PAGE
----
“A Sailor’s Guide to Earth”
Nashville agitator Sturgill Simpson had lofty expectations on his shoulders following the success of his cosmic country breakout “Metamodern Sounds in Country Music.” With this year’s “A Sailor’s Guide to Earth” he responded by veering in a different sonic direction that still suits his Waylon-Jennings-redux of a voice. Simpson fills the album, largely a letter to his young son, with horn blasts and dusty soul grooves. That appraoch is most effective in the funk romp “Keep It Between the Lines,” a drawl-heavy finger-pointer about staying on the straight and narrow, and another gem, the haunting, roadhouse ballad treatment of Nirvana’s “In Bloom.”
In “My Woman” Angel Olsen, known as a solitary indie folk singer, stretches out with an eclectic array of rock arrangements. The record’s centerpiece is Olsen’s flexible, dramatic voice, which has undeniably powerful range. It sounds wallflower sweet in the vintage-girl-group pop of “Never Be Mine” and urgently desperate in the garage rock scorcher “Shut Up Kiss Me.” In the seven-minute, slowly drifting “Sister,” Olsen croons about a break-up through a Mellotron haze before the song peaks with distorted, theatrical intensity. It’s one of many tracks filled with heartfelt fury that add up to give the album its unique, authentic atmosphere.
“22, A Million”
In “00000 Million,” a spacey piano ballad and the closing track on Bon Iver’s “22, A Million,” Justin Vernon soulfully sings: “Must have been forces that took me on them wild courses.” Indeed, Vernon seems a full dimension away from his 2007 trend-setting indie folk breakout “For Emma, Forever Ago.” Throughout his new album, Bon Iver’s first in five years, he wanders through a digital wilderness full of samples, synths, beats and vocal effects. It’s a dense, aural journey with a lot packed into 10 tracks that run just over 30 minutes. But it’s ultimately one worth taking, full of captivating payoffs. Glitchy tension in tracks like the jarring “10 d E A T h b R E a s T ” and the Auto-Tune a cappella of “715 – CR∑∑KS” (yes, all of the song titles are this strange), is ultimately relieved in the soothing futuristic R&B of “8 (circle)” and the airy “29 #Strafford APTS.” Lingering in every adventurous song are Vernon’s tuneful core and cryptically evocative poetry—quite comforting when things get weird.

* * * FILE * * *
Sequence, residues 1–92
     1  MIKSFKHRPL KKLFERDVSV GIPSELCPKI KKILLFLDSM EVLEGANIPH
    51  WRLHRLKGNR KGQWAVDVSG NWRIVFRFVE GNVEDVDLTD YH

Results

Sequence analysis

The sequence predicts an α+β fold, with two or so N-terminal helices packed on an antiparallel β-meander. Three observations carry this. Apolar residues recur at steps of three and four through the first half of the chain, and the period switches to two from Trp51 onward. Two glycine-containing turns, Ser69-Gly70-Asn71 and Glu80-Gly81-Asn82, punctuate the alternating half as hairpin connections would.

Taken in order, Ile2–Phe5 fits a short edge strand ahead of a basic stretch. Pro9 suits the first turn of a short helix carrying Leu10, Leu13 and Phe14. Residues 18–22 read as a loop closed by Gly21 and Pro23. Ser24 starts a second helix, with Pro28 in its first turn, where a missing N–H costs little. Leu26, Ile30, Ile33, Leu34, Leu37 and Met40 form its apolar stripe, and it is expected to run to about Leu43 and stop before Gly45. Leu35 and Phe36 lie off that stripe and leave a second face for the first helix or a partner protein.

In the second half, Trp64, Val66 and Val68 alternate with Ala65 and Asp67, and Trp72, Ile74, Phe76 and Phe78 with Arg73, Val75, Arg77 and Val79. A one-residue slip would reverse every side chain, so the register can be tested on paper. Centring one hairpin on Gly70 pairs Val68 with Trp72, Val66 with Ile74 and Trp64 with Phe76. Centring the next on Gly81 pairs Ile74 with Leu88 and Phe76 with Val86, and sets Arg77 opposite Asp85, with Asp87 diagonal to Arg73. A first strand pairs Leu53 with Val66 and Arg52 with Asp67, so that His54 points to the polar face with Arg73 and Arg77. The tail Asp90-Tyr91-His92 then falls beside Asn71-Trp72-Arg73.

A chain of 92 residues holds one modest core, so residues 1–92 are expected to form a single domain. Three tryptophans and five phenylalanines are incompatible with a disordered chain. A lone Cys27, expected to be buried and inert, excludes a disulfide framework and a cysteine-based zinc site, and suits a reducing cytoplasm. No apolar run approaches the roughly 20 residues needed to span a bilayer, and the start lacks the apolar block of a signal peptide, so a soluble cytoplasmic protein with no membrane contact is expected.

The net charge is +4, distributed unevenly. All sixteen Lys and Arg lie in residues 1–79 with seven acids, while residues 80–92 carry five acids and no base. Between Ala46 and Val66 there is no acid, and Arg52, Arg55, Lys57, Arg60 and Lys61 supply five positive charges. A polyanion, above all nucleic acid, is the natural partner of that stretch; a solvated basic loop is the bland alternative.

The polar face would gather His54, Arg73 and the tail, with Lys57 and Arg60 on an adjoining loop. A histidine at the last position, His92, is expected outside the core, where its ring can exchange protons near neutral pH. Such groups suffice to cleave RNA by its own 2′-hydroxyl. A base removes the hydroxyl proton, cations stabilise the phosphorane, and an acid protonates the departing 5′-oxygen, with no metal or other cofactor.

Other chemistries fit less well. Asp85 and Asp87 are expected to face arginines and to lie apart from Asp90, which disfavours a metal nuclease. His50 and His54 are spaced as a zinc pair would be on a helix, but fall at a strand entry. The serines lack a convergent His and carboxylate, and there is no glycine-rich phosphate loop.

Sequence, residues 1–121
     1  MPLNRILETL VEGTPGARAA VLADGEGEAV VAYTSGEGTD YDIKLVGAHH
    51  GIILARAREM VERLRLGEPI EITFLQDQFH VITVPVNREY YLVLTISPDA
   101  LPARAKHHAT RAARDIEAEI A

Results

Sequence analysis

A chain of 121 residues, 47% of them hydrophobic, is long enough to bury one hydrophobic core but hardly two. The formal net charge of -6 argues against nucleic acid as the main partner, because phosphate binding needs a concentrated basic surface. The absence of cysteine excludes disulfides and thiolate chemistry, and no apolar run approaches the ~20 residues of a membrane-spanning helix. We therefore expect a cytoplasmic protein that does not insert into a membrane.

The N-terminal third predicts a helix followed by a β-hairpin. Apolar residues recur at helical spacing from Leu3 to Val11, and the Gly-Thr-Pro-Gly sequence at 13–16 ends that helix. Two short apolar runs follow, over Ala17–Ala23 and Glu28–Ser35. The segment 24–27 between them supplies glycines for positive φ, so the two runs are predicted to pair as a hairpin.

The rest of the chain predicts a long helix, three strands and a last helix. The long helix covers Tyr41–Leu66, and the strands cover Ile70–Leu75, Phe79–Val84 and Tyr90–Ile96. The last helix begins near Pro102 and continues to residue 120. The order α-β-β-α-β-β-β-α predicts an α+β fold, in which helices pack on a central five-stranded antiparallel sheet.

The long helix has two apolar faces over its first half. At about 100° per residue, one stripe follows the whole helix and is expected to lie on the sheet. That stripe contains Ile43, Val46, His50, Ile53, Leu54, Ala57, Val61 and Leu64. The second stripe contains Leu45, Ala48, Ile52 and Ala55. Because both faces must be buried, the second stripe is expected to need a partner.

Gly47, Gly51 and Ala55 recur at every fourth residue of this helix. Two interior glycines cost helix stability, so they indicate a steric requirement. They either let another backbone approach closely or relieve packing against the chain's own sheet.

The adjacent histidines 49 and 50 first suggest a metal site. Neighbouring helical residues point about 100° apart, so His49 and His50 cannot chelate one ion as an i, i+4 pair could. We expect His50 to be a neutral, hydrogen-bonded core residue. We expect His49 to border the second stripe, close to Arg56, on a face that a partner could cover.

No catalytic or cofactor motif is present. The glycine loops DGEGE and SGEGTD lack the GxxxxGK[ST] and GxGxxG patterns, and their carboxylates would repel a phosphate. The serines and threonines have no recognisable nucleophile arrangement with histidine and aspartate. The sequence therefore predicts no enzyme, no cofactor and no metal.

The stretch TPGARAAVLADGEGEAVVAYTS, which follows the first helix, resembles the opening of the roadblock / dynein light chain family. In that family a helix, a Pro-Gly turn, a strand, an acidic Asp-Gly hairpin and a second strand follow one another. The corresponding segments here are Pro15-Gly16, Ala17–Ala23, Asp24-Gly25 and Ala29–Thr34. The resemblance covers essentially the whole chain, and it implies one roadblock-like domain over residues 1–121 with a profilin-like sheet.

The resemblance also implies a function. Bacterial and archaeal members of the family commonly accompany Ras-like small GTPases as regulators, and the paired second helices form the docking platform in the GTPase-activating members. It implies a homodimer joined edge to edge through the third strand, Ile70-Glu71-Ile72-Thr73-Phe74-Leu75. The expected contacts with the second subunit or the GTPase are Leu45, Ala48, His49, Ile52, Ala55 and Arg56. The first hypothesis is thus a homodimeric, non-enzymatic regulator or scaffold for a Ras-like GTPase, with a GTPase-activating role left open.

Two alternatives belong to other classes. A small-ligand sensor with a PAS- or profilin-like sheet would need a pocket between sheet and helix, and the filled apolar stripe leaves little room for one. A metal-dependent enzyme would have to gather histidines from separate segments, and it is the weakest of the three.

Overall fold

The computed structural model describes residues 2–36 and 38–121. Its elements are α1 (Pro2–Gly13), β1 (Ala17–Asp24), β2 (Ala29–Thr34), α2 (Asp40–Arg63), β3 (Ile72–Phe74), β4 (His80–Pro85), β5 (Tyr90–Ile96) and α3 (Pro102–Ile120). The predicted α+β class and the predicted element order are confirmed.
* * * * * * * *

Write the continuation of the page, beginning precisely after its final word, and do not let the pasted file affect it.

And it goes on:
“Light Upon the Lake”
This delightful surprise of a debut comes from a new band formed by guitarist Max Kakacek, formerly of the Smith Westerns and drummer/singer Julien Ehrlich, who did time in Unknown Mortal Orchestra. While holed up during a rough Chicago winter, the new musical partners—both dealing with recent break-ups—crafted a batch of organic indie rock songs that sound much sunnier than the circumstances that birthed them.
Bob Weir normally rides the legacy of his lengthy tenure with the Grateful Dead, so the singer/guitarist’s first album of new solo material in a decade was a welcome surprise. Weir, now 69, wanted to capture the spirit of a long-ago teenage journey to the mountains of Wyoming. Helping him get there was a cast of indie rock all-stars, including producers Josh Kaufmann, Aaron and Bryce Dessner of the National and singer-songwriter Josh Ritter, who co-wrote much of the lyrics. The result is an engaging set of traditional songcraft imbued with rock edge, as Weir reflects intensely through old cowboy imagery and landscapes of yesteryear.
The Southern rock outfit’s best album since the band’s early aughts hey-day, “American Band” is a political record for our time, taking a poignant dive into the country’s current social ills. Songwriting foils and co-band leaders Patterson Hood and Mike Cooley are both at the top of their games, still ever-searching for the human details within big picture issues—tackling, racial divides, gun violence and immigration, among others. Cooley engages those resisting removal of the Confederate Flag in the swampy punk stomper “Surrender Under Protest.” Hood tugs at heartstrings in the soulful “Guns of Umpqua,” written about last year’s mass shooting at Oregon’s Umpqua Community College. It’s a song that’s simultaneously beautiful and terrifying—clearly capable of making people on both sides of the aisle feel something.
Car Seat Headrest
“Teens of Denial”
On this raw album, Will Toledo, who records as Car Seat Headrest, sings, “Here’s that voice in your head/Giving you shit again/But you know he loves you/And he doesn’t mean to cause you pain.” Toledo’s brain is a ball of emotional confusion, but he processes his thoughts into some seriously great rock and roll. After 12 self-released bedroom albums, “Teens of Denial” is his true coming out party with a full backing band. It seethes with some of the best elements of Pavement, Guided by Voices and Weezer—witty angst turned into distorted glory.